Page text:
Anaemias

Anaemias list

Hereditary Stomatocytosis

General info

Acronym:
HSt
ORPHANET code:
3202, 3203
OMIM code:
194380, 603528, 185000
ICD-10 code:
D58.8
Include:
Dehydrated hereditary stomatocytosis, overhydrated
Group:
Congenital Red Cell Membrane defects

Hereditary Stomatocytosis comprises two different diseases: the xerocytosis or dehydrated hereditary stomatocytosis and the overhydrated hereditary stomatocytosis. Both are genetic disorders mainly due to abnormality of red cell membrane permeability to monovalent cations (Na+ and K+) resulting in an alteration in the red blood cell water content. Typical red blood cells known as stomatocytes (mouth featured cells) appear in blood smear examination. The clinical manifestation can vary from asymptomatic to severe haemolytic anaemia.

  • What causes the disease and how common is it?

    Hereditary xerocytosis is a genetic disease characterised by red cell dehydration, due to the loss of the cation content, in particular K+ and cell water. Strikingly, the red cell survival is not significantly decreased. The clinical manifestation varies from mild to moderate anaemia. Mutations in the ionic channel PIEZO1 gene have been described as causative of this disease in unrelated families. Overhydrated hereditary stomatocytosis is a genetic disease characterised by red cell overhidratation due to an excess of cations resulting in an increased water content and volume. As a consequence, a high number of large and fragile stomatocytes are present in this disease leading to a moderate to severe form of haemolytic anaemia. Mutations in Rhassociated glycoprotein (RhAG) have been reported. Hereditary xerocytosis has an estimated prevalence of 1 patient out of 50.000 individuals; meanwhile only less than 10 patients are estimated to be affected by overhydrated stomatocytosis per 1.000.000 individuals. However, this prevalences could be higher since hereditary stomatocytosis is easily misdiagnosed as hereditary spherocytosis. Other rarer and heterogeneous forms of hereditary stomatocytosis (i.e. cryohydrocytosis, familial pseudohyperkalemia) have been described, some of them due to mutations in the transmembrane domain of band3 (SLC4A1 gene) and in glucose transporter 1 (SLC2A1 gene) or ABCB6 gene. Rare cases of cryohydrocytosis may present neurological abnormalities.

  • What are the most frequent symptoms if I have the disease?

    Hereditary xerocytosis is characterised by well-compensated mild to moderate anaemia. Complications such as splenomegaly and cholelithiasis, resulting from increased red cell trapping in the spleen and elevated bilirubin levels, respectively, may occur. The course of hereditary xerocytosis is frequently associated with iron overload, and not with severe anaemia. Even though overhydrated hereditary stomatocytosis has a much lower prevalence than hereditary xerocytosis the clinical burden is higher as this disease leads to a more severe form of haemolytic anaemia.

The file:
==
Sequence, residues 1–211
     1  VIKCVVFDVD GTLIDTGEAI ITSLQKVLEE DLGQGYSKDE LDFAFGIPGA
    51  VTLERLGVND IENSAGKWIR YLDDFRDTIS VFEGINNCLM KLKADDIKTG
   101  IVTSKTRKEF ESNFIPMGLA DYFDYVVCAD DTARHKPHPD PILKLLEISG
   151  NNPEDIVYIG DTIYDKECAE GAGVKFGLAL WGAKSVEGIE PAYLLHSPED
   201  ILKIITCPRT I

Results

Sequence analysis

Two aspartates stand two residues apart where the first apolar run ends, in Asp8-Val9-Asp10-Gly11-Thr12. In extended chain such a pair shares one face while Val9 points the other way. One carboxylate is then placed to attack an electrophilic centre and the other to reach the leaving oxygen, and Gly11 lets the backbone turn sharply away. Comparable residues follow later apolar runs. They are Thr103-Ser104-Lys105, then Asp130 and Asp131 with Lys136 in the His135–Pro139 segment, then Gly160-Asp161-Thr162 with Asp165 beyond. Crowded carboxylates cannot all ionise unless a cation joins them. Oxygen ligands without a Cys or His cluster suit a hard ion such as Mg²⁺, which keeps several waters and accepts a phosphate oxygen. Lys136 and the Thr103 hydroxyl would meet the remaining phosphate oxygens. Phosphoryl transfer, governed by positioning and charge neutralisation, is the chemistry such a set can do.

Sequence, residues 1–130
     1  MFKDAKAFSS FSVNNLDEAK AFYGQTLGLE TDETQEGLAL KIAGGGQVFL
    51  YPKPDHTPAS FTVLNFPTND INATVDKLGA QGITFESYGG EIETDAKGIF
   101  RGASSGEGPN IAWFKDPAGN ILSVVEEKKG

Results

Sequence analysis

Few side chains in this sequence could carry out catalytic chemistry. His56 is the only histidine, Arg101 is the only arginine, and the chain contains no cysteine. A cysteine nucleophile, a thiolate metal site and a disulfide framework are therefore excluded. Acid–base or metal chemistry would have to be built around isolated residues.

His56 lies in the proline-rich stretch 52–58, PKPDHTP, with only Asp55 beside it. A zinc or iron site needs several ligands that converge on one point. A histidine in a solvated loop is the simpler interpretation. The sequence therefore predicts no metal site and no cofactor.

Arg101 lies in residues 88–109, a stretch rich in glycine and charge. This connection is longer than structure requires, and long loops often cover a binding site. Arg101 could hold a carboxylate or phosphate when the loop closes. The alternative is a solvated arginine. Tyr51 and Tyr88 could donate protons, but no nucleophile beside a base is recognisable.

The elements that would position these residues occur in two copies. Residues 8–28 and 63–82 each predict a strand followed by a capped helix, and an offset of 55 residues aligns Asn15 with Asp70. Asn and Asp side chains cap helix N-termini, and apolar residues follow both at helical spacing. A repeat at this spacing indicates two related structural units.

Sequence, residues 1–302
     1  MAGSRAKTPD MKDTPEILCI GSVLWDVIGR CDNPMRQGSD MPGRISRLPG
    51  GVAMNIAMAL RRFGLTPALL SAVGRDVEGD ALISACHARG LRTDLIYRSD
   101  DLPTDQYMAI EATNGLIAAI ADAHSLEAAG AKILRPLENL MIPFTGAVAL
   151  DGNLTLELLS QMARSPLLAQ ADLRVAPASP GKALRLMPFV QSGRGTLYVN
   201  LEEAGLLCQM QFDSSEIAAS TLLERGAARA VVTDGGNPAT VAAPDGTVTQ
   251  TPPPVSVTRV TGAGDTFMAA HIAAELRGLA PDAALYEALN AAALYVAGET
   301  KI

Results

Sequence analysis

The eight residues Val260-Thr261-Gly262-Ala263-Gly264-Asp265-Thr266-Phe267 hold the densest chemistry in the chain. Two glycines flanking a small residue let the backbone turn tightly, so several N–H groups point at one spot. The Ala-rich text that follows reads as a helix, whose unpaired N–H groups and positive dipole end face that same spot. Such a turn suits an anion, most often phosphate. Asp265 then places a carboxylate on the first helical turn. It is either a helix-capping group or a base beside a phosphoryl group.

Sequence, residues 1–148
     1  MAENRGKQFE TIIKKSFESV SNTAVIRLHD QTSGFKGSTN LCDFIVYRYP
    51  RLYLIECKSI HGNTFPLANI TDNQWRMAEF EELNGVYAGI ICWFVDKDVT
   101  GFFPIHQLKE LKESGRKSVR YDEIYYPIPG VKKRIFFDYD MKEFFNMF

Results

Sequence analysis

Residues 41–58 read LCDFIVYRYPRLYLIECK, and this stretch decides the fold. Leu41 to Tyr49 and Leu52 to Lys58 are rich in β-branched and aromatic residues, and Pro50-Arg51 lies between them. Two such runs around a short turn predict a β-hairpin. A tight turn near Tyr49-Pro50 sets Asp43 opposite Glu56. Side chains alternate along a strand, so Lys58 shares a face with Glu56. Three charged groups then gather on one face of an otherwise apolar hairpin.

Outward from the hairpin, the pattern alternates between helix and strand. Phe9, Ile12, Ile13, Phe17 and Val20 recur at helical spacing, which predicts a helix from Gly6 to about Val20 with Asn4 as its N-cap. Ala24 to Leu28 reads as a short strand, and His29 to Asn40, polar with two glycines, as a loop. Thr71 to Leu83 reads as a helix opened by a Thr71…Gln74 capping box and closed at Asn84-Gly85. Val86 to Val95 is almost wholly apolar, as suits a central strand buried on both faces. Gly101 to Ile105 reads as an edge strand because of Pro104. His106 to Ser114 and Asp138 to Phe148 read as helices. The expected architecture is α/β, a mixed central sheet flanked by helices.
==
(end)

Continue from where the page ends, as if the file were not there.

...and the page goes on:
• Which treatment must I follow if I have the disease?

    The treatment of haemolytic anaemia is based on supportive measures: folate therapy is recommended in mild to severe forms, and red cell transfusions may be required in severe cases. Chelating therapy may be required to reduce iron overload due to periodical red cell transfusions. Since iron overload is more likely in this disease than in other haemolytic anaemias, periodic iron overload quantification and iron chelation therapy is highly recommended. Regular follow-up for monitoring gallstones should always be considered. Splenectomy is completely contraindicated in both types of hereditary stomatocytosis because of an increased risk of thromboembolic complications.

  • What is the risk of passing the condition on to my children?

    The inheritance of hereditary stomatocytosis is autosomal dominant. Autosomal dominat pattern: Only one copy of a mutated gene, from the mother or from the father, is needed to develop the disease. In these cases, the mother or the father is affected by the disease having one mutated gene. The couple has a 50 percent probability of having a child affected by the disease at each pregnancy. The probability of having a healthy child with no mutated gene is also 50 percent at each pregnancy. Ask for genetic counselling to get a complete explanation.

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